Working closely with the Parallel Object-Oriented Methods and Applications (POOMA) team, we have integrated visualization tools directly into the POOMA framework allowing runtime visualization capabilities to any application built within the POOMA. An initial serial implementation of these POOMA visualization tools has been delivered and is in use by POOMA application developers. A sort last based parallel implementation is in progress to provide a scalable solution for large data sets. This work leverages the PAWS DOE-2000 project and related work from ANL.
Volume rendering is an alternative paradigm to traditional polygonal-based rendering. It allows data sets to be visualized in their entirety through dynamic use of transparency and color. For data sets that do not have hard surfaces, it can provide a more accurate visual representation. Volume rendering tends to be an extremely slow process. Without interactivity, the visual effect is not easily comprehended. By utilizing SGI’s 3D-texture memory and dynamic paging, it is becoming possible to interactive volume render terascale data sets. We have recently applied hardware texture mapping and interactive volume rendering techniques to the global climate model results. In the past ocean animations took days to produce and didn't allow interactive exploration. The new tool, poptex, allows users to interact with an animating ocean model time history, a capability not possible before.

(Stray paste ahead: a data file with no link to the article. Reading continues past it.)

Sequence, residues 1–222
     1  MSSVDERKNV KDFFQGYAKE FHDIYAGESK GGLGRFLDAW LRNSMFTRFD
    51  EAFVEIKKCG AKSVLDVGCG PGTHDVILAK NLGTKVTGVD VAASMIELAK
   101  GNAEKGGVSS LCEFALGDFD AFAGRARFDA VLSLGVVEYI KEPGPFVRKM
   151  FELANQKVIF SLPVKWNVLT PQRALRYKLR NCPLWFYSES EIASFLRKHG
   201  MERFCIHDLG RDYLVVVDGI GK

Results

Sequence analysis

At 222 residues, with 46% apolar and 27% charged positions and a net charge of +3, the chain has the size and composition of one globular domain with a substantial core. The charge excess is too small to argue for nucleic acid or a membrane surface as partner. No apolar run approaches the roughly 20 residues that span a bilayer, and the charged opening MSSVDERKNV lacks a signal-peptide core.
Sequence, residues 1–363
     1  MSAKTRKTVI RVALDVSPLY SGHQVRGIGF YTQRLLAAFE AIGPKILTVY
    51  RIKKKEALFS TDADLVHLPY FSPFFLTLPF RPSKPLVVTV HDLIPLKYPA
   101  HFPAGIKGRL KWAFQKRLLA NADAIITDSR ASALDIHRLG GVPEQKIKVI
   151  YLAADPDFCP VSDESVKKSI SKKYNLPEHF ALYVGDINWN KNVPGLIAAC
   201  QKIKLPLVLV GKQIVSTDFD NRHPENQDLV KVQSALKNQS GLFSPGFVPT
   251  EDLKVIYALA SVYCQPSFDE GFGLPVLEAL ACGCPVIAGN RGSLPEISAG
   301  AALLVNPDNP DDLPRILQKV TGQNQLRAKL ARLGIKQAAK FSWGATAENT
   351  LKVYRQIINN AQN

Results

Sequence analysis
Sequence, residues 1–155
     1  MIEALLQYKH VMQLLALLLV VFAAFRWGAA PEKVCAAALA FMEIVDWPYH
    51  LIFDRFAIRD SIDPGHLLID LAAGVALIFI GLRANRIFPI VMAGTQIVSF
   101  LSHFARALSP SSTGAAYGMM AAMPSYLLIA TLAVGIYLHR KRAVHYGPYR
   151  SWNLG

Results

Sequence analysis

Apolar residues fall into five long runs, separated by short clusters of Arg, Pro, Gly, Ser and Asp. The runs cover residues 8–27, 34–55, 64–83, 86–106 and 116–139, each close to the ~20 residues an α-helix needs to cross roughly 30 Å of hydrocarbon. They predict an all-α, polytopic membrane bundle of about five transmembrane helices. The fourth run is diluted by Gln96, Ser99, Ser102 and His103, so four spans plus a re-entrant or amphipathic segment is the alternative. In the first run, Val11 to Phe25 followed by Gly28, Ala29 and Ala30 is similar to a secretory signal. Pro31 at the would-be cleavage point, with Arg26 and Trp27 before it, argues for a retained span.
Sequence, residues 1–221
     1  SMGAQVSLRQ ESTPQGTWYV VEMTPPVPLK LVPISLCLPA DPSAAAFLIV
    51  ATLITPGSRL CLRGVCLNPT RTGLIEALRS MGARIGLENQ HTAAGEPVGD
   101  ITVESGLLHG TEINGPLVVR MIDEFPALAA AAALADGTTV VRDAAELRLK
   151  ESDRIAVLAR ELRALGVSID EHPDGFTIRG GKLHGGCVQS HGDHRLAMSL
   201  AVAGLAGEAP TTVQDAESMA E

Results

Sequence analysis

We expect to continue research work in scalable parallel software and hardware solutions for tera-scale visualization, software frameworks to support visualization software reuse, and new rendering techniques such as hardware texture based volume rendering. Our visualization research efforts are driven by the needs of the grand challenge projects. When possible, we leverage commercial visualization software such as CEI EnSight, IBM DX, and AVS Express, but none of these products can currently address the terascale needs of the grand challenges. Our research efforts, and those of our collaborators, result in research prototype visualization software that will be applied to the needs of the grand challenges.